Sermons on Acts
In Acts 2, Peter is filled and empowered by the Holy Spirit as he preaches directly from the Scriptures about Christ. In the same way in our current time, the Spirit of God empowers preachers and teachers to proclaim the Gospel, creating a worshipping, redeemed people that are changed by the Word.
On the day of Pentecost all the gathered believers are filled with the Holy Spirit and empowered for bold proclamation of the good new of Jesus. Boldness is not rudeness. It is courage mixed with compassion. Let us obey the directive of Christ in Luke 11:13 to ask the Father for the Holy Spirit.
The Holy Spirit was sent to the disciples on the day of Pentecost, the promised power from on high. The disciples heard a mighty rushing wind, saw tongues of flame representing the presence of God, and experienced the Spirit’s fullness, empowering them to preach the gospel. Let us also ask the Father for the equipping power of the Holy Spirit.
The coming of the Holy Spirit upon the disciples on the day of Pentecost created a Spirit-filled church that was devoted to unerring truth, sacrificial fellowship, corporate worship, and compassionate witness. The presence, power, and fullness of the Holy Spirit empowered the early church believers creating a zeal and commitment that we may share as we allow the Spirit to work in our lives.
Hebrews 3:3 reminds us to pray for out persecuted brothers and sisters. Continue to remember those in prison, as if you were together with them prison, and those who are mistreated as if you yourselves were suffering. Here are a few ways we can pray: Pray that the persecuted church (and we as well) will be unafraid and faithful (Revelation 2:8-11). Pray for God to fill them with the Holy Spirit and enable them to speak and act boldly with clarity, wisdom, and courage (Acts 4:31). Pray that they will be joyful, rejoicing that Jesus and His name are worthy of any cost (Acts 5:41).
Acts 8 describes Philip’s encounter with an Ethiopian on a desert road. Philip was an “ordinary guy,” content to stay in the background, yet he was used by God to share the good news of Jesus to a man who later returned to his corner of the earth to impact others. We can be used in similar ways if we will obey the prompting of the Holy Spirit that is proactively entering the lives of others and speak the good news of Jesus.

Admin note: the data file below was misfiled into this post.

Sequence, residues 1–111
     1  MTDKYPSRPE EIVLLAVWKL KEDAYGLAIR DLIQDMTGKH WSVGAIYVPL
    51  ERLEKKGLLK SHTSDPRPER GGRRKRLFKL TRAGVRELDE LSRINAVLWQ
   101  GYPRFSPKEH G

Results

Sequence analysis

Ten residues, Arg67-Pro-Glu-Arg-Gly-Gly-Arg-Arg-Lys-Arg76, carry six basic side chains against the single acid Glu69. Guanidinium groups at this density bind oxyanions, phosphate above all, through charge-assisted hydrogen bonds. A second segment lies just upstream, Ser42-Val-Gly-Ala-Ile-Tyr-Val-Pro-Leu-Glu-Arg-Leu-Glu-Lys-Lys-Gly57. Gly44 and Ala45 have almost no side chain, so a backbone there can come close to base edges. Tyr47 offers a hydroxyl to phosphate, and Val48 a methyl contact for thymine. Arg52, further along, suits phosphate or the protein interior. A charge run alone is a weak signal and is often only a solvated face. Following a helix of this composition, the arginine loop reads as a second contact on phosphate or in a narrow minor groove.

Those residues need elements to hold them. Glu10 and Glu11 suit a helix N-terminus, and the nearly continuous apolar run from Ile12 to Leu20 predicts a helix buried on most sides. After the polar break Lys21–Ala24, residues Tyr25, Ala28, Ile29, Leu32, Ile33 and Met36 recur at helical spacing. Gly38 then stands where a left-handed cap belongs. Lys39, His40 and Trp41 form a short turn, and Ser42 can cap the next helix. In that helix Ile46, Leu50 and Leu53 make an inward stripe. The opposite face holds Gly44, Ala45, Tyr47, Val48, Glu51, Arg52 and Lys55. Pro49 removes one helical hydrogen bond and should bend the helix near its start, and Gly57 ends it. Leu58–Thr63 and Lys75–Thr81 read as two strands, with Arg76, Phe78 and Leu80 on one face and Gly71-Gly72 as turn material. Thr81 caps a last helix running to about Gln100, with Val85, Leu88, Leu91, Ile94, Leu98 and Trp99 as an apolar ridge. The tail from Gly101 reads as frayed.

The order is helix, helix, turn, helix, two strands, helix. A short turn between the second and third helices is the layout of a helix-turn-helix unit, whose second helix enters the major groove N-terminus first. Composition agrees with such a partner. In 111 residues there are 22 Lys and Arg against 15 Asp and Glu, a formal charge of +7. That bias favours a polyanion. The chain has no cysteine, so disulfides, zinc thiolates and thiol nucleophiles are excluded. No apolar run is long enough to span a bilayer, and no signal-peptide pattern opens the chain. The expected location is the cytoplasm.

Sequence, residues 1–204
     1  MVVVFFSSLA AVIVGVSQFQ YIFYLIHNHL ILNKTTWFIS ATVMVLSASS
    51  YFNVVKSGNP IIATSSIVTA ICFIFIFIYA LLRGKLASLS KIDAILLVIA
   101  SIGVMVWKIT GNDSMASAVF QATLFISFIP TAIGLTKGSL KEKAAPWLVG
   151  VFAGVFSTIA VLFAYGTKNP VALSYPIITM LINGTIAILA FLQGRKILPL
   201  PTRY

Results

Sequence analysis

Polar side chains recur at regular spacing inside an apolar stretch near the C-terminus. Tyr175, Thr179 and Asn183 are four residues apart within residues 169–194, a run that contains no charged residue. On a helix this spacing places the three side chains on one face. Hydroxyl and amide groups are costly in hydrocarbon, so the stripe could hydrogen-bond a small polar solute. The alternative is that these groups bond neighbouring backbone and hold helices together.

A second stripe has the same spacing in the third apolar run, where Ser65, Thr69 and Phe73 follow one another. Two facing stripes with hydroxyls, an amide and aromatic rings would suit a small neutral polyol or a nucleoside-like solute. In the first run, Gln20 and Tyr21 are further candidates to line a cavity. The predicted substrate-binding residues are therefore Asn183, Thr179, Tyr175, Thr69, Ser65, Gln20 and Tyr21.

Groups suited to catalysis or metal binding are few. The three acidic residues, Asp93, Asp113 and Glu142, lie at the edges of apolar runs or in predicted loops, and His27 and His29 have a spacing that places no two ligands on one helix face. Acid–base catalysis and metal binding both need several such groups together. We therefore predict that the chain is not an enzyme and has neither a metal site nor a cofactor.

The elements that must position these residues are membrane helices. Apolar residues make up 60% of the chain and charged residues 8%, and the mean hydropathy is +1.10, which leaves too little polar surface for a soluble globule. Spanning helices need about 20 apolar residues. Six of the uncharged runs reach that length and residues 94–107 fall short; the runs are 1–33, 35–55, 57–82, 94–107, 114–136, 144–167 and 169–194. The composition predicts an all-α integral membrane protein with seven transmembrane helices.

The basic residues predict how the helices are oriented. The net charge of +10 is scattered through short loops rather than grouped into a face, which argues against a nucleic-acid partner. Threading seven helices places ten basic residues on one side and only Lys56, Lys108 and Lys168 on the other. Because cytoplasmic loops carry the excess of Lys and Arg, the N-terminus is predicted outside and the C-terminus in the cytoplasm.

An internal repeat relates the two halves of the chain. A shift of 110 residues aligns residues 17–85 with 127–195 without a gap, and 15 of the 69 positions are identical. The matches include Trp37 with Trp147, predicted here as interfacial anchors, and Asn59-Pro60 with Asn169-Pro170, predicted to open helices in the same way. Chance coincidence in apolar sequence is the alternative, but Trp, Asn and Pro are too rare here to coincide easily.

Do we ask God to guide us before we forge ahead with our own plans? The Holy Spirit who lives in us may be telling us, “No, there is a better plan for you.” If God says “Yes” let us move ahead without hesitation.
Are we living out our faith in such a way that we bear the repercussions of living and sharing the Gospel? Paul and Silas were beaten and thrown in jail, but they were able to worship and praise God because they expected to suffer persecution, and they knew that their situation and served to advance the cause of Christ. Their concern for the new believers at Philippi and their commitment to the advance of the Gospel was the outpouring of a life tuned to the will of Christ.
Christ’s command is that we are to be His witnesses, energized and equipped by the Holy Spirit. We are called to make visible the love and holiness of God, for the authenticity of our testimony rests on how we love one another and pursue holiness. We must also resolve to speak the Gospel, for it is the power of God for salvation.
The “big picture” of the book of Acts is the demonstration of what it means to be a Holy Spirit empowered witness for the Lord Jesus Christ. Acts 1:1-11 bookmarks two significant events on God’s calendar: the Ascension of Jesus into heaven and His glorious future return. Our lives fall between these two events. As we await His coming again, all believers are promised the empowerment of the Spirit for the heralding of the Gospel, even in the face of opposition.